If that sounds familiar, please change your password immediately. In the meantime, WPA3 will protect against dictionary attacks by implementing a new key exchange protocol. WPA2 used an imperfect four-way handshake between clients and access points to enable encrypted connections; it’s what was behind the notorious KRACK vulnerability that impacted basically ever connected device. WPA3 will ditch that in favor of the more secure—and widely vetted—Simultaneous Authentication of Equals handshake.
There are plenty of technical differences, but the upshot for you is twofold. First, those dictionary attacks? They’re essentially done. “In this new scenario, every single time that you want to take a guess at the password, to try to get into the conversation, you have to interact with me,” says Robinson. “You get one guess each time.” Which means that even if you use your pet’s name as your Wi-Fi password, hackers will be much less likely to take the time to crack it.
The other benefit comes in the event that your password gets compromised nonetheless. With this new handshake, WPA3 supports forward secrecy, meaning that any traffic that came across your transom before an outsider gained access will remain encrypted. With WPA2, they can decrypt old traffic as well.
When WPA2 came along in 2004, the Internet of Things had not yet become anything close to the all-consuming security horror that is its present-day hallmark. No wonder, then, that WPA2 offered no streamlined way to safely onboard these devices to an existing Wi-Fi network. And in fact, the predominant method by which that process happens today—Wi-Fi Protected Setup—has had known vulnerabilities since 2011. WPA3 provides a fix.
Wi-Fi Easy Connect, as the Wi-Fi Alliance calls it, makes it easier to get wireless devices that have no (or limited) screen or input mechanism onto your network. When enabled, you’ll simply use your smartphone to scan a QR code on your router, then scan a QR code on your printer or speaker or other IoT device, and you’re set—they’re securely connected. With the QR code method, you’re using public key-based encryption to onboard devices that currently largely lack a simple, secure method to do so.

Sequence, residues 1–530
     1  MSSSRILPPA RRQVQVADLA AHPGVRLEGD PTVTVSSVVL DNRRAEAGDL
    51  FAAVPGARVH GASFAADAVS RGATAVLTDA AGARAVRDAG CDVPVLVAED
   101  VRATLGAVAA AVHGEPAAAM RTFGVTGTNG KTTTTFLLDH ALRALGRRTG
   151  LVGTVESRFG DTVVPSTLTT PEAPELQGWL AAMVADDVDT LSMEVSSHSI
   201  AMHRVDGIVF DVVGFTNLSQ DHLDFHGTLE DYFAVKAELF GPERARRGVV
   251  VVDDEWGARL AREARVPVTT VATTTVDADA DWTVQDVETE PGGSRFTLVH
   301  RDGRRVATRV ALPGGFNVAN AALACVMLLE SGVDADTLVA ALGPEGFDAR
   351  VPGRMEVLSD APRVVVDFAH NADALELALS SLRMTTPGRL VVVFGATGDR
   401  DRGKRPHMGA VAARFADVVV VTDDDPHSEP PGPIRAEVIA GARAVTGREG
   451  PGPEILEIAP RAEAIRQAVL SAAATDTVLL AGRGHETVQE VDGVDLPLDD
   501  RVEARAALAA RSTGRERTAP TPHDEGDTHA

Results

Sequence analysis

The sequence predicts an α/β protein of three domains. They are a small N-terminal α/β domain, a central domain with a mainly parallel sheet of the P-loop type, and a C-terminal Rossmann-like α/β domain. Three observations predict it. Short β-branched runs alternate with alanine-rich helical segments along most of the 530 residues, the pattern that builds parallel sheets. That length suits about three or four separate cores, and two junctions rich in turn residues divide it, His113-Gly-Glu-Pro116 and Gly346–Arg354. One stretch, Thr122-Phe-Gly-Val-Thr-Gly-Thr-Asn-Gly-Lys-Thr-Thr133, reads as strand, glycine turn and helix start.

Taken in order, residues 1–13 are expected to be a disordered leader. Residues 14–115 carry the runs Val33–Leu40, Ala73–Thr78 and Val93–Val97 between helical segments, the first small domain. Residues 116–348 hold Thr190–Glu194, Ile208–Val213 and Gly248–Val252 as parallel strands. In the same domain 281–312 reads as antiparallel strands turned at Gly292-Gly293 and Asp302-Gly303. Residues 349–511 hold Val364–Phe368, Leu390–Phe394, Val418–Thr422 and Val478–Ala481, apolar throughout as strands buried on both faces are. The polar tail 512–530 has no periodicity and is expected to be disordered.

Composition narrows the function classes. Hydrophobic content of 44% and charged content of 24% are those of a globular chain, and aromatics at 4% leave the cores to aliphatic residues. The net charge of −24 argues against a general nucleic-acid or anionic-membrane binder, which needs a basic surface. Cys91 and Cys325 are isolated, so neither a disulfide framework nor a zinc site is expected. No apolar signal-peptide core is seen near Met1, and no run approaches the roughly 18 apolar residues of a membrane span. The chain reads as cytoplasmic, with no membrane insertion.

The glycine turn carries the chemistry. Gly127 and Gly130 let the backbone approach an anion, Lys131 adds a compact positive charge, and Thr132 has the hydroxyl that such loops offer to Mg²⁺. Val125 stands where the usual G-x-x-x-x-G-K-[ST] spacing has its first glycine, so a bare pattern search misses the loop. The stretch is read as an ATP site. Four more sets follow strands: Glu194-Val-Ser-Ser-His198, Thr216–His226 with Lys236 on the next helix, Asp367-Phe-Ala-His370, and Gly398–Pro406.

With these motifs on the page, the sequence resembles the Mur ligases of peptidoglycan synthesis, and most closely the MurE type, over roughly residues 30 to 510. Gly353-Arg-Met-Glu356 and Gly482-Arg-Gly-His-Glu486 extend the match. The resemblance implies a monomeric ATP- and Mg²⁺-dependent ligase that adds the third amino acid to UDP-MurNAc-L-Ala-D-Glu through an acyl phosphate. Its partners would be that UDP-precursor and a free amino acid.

“Right now it’s really hard to deploy IoT things fairly securely. The reality is they have no screen, they have no display,” says Rudis. Wi-Fi Easy Connect obviates that issue. “With WPA3, it’s automatically connecting to a secure, closed network. And it’s going to have the ability to lock in those credentials so that it’s a lot easier to get a lot more IoT devices rolled out in a secure manner.”
Here again, Wi-Fi Easy Connect’s neatest trick is in its ease of use. It’s not just safe; it’s impossible to screw up.
That trend plays out also with Wi-Fi Enhanced Open, which the Wi-Fi Alliance detailed a few weeks before. You’ve probably heard that you should avoid doing any sensitive browsing or data entry on public Wi-Fi networks. That’s because with WPA2, anyone on the same public network as you can observe your activity, and target you with intrusions like man-in-the-middle attacks or traffic sniffing. On WPA3? Not so much. When you log onto a coffee shop’s WPA3 Wi-Fi with a WPA3 device, your connection will automatically be encrypted without the need for additional credentials. It does so using an established standard called Opportunistic Wireless Encryption.
“By default, WPA3 is going to be fully encrypted from the minute that you begin to do anything with regards to getting on the wireless network,” according to Rudis. “That’s fundamentally huge.”
As with the password protections, WPA3’s expanded encryption for public networks also keeps Wi-Fi users safe from a vulnerability they may not realize exists in the first place. In fact, if anything it might make Wi-Fi users feel too secure.
“The heart is in the right place, but it doesn’t stop the attack,” says Wright. “It’s a partial solution. My concern is that consumers think they have this automatic encryption mechanism because of WPA3, but it’s not guaranteed. An attacker can impersonate the access point, and then turn that feature off.”
Even with the added technical details, talking about WPA3 feels almost still premature. While major manufacturers like Qualcomm already have committed to its implementation as early as this summer, to take full advantage of WPA3’s many upgrades, the entire ecosystem needs to embrace it.